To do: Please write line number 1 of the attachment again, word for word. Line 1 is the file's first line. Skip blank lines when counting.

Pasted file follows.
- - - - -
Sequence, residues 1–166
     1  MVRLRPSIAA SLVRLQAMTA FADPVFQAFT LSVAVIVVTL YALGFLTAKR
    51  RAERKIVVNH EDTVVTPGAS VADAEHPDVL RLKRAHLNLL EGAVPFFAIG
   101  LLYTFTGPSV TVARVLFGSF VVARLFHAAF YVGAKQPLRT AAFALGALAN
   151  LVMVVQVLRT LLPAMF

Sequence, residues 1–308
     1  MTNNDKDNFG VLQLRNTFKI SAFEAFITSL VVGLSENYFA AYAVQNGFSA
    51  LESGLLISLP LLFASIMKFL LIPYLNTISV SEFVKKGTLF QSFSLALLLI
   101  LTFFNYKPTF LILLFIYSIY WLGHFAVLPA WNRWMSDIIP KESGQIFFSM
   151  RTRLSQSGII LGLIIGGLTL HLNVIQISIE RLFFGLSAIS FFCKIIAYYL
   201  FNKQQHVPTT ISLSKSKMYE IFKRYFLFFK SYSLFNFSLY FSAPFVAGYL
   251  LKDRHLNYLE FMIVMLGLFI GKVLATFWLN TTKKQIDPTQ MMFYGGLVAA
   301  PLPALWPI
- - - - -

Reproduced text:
Sequence, residues 1–166